Consider the 2013 Buffalo Bills season an experiment in how far coaching can take a young team with low expectations. It’s an old NFL refrain: The new coaches are going to do a lot better than the bums who got fired last season. ¶ Yet there’s reason to think the Bills might be onto something with new head coach Doug Marrone. He was somebody other teams actually wanted, as opposed to past Bills choices (Dick Jauron and Chan Gailey), who had zero chance of getting a head-coaching job if the Bills hadn’t come along. It’s widely viewed around the league that Marrone was coveted in both Cleveland and San Diego, and maybe elsewhere. ¶ Furthermore, the presence of new coordinators Mike Pettine and Nathaniel Hackett offers promise because their schemes are creative. ¶ The Bills’ defense woefully underachieved last season, ranking 26th in points allowed and 31st in rushing yards allowed. Few are predicting the Bills will be a top-10 defense this year. But few think they were as bad as they performed last year. The Bills’ defense boasts five first-round picks and two second-rounders. Pettine has material. He has experience, too. There’s only one rookie starter. ¶ The youth is on the offensive side, where Hackett will break in a rookie quarterback, and at least three young receivers will play key roles. ¶ How fast can Marrone and Hackett bring along the young offense? And in the wake of injuries to EJ Manuel, Kevin Kolb and Stephon Gilmore, how well can the coaches weather the injury storm the early part of the season? ¶ Those will be the biggest factors in determining how many games the Bills win. ¶ Here’s a capsule preview of the Bills’ season:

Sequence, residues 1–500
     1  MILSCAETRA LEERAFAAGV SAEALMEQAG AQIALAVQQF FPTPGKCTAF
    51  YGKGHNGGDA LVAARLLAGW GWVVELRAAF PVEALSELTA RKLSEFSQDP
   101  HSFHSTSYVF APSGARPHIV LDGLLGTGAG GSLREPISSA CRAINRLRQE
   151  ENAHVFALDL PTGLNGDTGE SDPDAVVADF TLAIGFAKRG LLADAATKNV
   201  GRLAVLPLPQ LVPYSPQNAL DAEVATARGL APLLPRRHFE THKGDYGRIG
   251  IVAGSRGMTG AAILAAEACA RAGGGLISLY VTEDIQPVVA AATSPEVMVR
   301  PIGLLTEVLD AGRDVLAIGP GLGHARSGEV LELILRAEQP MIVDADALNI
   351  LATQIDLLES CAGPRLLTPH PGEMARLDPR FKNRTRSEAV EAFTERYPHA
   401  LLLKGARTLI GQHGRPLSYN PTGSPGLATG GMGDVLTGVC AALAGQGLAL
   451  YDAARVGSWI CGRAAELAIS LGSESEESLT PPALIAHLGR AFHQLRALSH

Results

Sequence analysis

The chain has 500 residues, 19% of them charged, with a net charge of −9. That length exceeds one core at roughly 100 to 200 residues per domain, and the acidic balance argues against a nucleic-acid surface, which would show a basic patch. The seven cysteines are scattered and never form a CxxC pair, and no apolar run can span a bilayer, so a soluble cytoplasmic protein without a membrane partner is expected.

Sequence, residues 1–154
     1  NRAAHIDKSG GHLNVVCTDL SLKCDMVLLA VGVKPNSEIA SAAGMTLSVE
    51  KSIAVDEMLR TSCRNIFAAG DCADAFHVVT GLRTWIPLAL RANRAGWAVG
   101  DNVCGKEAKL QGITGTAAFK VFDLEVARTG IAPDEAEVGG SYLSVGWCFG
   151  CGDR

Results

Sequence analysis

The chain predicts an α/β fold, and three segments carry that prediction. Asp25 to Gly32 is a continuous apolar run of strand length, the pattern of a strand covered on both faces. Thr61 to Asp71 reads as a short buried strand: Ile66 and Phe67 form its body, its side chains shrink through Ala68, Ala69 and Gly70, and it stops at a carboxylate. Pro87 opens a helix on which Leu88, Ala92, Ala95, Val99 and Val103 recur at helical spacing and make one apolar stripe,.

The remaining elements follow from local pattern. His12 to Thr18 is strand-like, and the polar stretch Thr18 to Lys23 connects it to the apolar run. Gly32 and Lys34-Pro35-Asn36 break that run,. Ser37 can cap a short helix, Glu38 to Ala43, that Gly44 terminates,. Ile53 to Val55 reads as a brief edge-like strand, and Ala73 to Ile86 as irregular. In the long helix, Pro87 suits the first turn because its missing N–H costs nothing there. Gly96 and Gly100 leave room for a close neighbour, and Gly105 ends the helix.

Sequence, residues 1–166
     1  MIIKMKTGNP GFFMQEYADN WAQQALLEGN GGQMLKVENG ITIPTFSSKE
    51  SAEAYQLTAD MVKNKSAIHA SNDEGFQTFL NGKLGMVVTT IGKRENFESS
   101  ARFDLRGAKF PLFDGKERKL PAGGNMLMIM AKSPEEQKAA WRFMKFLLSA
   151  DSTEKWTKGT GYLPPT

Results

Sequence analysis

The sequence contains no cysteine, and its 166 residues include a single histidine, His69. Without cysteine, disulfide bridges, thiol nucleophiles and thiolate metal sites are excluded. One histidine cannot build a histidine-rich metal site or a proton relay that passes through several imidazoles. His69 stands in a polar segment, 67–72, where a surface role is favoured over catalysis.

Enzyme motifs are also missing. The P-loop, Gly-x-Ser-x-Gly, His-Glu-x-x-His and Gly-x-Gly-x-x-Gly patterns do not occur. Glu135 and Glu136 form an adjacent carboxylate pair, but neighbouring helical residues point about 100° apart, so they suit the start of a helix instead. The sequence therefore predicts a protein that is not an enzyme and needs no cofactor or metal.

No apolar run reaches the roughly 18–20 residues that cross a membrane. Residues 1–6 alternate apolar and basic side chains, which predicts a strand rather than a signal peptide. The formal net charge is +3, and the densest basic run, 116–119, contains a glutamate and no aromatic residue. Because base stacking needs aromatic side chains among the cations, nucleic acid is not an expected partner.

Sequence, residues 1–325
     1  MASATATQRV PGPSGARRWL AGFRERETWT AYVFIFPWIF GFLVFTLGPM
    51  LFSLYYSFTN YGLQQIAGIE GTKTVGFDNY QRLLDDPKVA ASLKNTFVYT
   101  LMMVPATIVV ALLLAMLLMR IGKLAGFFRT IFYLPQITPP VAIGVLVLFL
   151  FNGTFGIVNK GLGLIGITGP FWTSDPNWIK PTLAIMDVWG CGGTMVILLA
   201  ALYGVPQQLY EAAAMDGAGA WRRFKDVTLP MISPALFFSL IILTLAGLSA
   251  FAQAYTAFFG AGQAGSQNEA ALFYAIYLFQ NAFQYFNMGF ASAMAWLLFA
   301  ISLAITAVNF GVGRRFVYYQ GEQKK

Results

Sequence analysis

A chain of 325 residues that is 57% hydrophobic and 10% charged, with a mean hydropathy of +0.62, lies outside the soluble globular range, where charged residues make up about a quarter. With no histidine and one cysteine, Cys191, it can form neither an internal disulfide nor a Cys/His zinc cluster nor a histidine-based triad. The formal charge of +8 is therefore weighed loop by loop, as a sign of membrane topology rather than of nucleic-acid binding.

• Thriller Spiller. C.J. Spiller last year became one of seven backs in NFL history to average 6.0 yards an attempt with a minimum of 200 carries. His 207 carries ranked only 22nd. Counting his 43 catches, he had 250 touches. Ten backs had 300 touches last year. Spiller should hit that mark this year.